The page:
Recently at work, I was asked, “When did you encounter Jesus?” Along with our theme for this year’s chapel at WCA, I will apparently be one of many teachers and students who will be interviewed on camera in order to play a short clip of our story at chapel for the kids. And if you know me at all, you know I’ve got some reflecting and word-smithing to do on my own before I’m ready to speak in front of a crowd, or in this case on camera (eek!). Attempting to alleviate some awkwardness, I’ll lay my thoughts down here as part one of three. Apologies to friends whom I am about to embarrass.
The first time I recall encountering Jesus was the summer before sixth grade. My incredible friend Caroline (over at In Due Time) invited me to her youth group. I had most likely been complaining to her about my church, which I now realize was fairly spiritually dead. We said words, we sang hymns, and we went through the motions, but there was little to no faith-life there, at least for me. My brother and I had both been falling asleep in church, and our wonderful mother began to fear that we would lose our interest in faith altogether. So, she said hesitantly said yes. I don’t remember much, but I do remember a flurry of activity – the painted walls of KYF, the hum of energy, the uproarious laughs, and the seeming lack of adults. We were in a room filled with kids, and there seemed only to be a few adults in the room, and they weren’t signaling for anyone to sit down or shut up; the adults were mingling with and among the kids, laughing, talking, snacking… What? This was not my definition of youth gatherings at church. Where were the dingy tables, dull lights, worksheets, dusty books, empty hallways? And goodness, the boys in the room were reallllly cute. I liked this place.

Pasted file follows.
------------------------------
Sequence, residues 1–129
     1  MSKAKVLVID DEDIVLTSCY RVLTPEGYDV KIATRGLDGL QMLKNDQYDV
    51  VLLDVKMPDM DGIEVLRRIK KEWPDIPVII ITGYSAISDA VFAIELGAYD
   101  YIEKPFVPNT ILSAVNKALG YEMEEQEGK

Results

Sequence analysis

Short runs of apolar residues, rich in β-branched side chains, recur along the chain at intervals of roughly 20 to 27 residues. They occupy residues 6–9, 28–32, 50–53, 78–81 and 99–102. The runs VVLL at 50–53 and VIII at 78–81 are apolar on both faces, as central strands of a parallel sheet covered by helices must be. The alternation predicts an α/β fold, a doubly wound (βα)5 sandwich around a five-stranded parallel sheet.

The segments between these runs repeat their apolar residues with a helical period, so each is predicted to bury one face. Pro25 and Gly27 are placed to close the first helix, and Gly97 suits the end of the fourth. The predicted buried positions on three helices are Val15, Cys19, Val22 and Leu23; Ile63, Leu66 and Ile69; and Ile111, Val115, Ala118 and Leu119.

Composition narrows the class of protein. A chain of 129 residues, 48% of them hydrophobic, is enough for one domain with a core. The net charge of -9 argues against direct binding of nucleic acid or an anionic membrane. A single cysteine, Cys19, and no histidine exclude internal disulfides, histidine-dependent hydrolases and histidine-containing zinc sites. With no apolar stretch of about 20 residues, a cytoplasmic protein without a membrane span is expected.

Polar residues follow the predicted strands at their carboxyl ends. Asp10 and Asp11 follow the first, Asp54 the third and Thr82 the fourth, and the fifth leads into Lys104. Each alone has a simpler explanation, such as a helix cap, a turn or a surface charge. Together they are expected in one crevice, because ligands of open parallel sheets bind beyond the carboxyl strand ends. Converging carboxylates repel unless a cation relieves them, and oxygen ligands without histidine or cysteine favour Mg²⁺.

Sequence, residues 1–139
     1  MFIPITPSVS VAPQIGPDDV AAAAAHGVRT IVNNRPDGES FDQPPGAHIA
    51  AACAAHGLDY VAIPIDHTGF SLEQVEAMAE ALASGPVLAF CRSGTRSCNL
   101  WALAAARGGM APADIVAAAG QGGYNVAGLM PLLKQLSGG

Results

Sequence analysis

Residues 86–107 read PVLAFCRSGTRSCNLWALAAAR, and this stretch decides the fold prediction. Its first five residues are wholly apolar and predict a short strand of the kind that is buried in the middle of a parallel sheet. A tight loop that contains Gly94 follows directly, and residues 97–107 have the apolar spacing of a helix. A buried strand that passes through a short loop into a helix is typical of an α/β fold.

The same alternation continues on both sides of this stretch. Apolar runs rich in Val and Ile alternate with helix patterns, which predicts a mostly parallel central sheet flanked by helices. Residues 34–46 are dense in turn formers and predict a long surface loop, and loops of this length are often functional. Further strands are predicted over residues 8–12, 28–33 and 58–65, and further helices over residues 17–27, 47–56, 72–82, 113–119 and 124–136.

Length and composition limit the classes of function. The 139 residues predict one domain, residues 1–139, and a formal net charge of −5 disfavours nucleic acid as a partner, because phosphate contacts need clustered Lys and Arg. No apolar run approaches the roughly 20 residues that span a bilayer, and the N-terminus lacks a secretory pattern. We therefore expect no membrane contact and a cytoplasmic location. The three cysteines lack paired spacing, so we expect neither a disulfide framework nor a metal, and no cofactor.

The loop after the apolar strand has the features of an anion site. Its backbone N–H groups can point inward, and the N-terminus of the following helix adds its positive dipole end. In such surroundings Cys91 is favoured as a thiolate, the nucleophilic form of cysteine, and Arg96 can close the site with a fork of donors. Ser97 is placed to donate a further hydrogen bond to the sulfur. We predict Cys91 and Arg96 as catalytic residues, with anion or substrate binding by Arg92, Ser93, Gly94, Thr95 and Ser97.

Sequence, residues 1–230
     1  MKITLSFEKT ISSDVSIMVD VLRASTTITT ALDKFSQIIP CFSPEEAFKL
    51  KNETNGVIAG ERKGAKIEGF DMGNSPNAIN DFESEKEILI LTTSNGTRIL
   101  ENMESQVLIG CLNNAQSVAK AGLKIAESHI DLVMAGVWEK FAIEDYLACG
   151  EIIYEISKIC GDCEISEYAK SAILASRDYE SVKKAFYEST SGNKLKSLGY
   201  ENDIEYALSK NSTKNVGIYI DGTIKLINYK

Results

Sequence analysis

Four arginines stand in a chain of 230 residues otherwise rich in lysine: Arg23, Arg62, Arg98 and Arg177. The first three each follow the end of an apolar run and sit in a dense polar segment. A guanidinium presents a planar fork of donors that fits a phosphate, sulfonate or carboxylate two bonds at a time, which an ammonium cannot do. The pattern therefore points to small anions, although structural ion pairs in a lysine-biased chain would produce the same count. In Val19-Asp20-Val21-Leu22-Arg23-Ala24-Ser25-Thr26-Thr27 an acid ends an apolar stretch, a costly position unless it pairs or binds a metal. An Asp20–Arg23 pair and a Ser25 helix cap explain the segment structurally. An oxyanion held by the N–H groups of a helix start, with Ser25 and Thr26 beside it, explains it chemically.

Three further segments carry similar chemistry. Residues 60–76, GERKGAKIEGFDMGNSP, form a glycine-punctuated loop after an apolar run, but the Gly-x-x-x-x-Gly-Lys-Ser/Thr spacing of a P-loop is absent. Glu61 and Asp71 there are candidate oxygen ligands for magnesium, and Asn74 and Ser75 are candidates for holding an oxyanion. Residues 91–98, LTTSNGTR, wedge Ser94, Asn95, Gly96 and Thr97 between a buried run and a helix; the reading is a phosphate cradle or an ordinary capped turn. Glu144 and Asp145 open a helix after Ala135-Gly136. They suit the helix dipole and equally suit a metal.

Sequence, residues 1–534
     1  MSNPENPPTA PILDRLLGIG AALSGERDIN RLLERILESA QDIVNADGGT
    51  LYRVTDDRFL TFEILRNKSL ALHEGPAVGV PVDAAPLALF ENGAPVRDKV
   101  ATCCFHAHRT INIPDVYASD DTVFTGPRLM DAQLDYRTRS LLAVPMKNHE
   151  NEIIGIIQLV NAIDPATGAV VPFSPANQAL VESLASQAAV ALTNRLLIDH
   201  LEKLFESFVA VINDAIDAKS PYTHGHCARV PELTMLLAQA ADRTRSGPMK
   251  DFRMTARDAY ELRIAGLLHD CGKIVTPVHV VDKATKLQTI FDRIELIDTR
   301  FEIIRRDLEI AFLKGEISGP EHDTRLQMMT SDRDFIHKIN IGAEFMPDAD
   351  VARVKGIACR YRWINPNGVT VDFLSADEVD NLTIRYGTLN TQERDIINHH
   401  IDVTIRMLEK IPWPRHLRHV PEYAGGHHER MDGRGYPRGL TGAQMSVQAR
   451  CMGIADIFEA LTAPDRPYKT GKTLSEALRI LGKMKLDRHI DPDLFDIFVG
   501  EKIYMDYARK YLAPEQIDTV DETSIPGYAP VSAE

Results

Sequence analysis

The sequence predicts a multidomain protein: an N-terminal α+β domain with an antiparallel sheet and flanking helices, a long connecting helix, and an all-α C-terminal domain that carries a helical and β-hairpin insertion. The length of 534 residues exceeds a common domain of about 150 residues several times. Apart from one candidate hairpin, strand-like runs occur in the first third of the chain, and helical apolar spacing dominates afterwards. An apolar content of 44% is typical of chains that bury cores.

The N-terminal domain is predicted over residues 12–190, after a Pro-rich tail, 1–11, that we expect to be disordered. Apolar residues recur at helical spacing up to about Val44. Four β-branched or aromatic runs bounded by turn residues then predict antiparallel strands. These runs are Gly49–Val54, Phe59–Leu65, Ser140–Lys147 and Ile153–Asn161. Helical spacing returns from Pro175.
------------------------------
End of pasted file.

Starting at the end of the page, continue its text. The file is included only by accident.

After an absurd game of lining up and passing bananas over our heads with our feet (our pre-pubescent posteriors arching over our heads), some type of talk began to which I didn’t pay much attention, and then eventually, more talking, laughing, flirting, goofing off… I came home and said that I loved it.
Caroline continued to invite me to church, and as we spent increasing frequency of time together, that relationship and others deepened into great friendships. Erika, Jenny, Raelyn… I was surrounded by beautiful, silly, and yearning souls like mine who were already growing into incredible Godly women. We talked, and laughed, flirted and goofed off, decorated Bible covers, taped in book tabs (probably from Mardel’s), and learned to pray. Still, I came for the fun, the games, the boys. I came for Caroline and Erika and Jenny and Raelyn and Ashley. I came for myself.
Then, one day, I sat on the KYF carpet in the back of the youth room, cross-legged and eyes wandering, observing and taking in the room, and I heard a woman’s voice grow ever stronger in my ears. Susan Grapegater, who happened to live across the street from Caroline with Mr. Grapengater and their two kids, from whose yard we had retrieved many a poorly aimed soccer ball, in whose house we had youth meals and Superbowls, whose incredibly creepy Halloween haunted house drew in neighbor kid after neighbor kid every year, spoke. She spoke with love and fervor and kindness. I don’t remember the words, but I do remember the feeling. I remember her smile, her knowing glance that seemed to focus on me out of all sixty-some kids in the room. I remember a click, a shift in my heart, an openness, a willingness to lend an ear. I stared at the rough carpet speckled in color, and I felt a nudge, a fearful and wonderful call. She asked us to bow our heads and pray with her. I didn’t know how to respond, but I bowed my head, and I listened. And that evening, after going home in bewilderment, I realized what that call was, and stumbling over the words I had heard again and again and again at KYF that summer, I bowed my head in my bedroom and I asked the Lord to come into my heart and save me. And he did. I encountered Jesus. And when I opened my eyes, it seemed as if everything and nothing had changed all at the same time. I resolved to tell Caroline, but beyond that, I looked around my room at my walls and the life that had been built around me and felt a sense of awe and uncertainty. I realized suddenly that someone else was in control, a partnership of sorts. It was God and me now… and I thought, “What now?”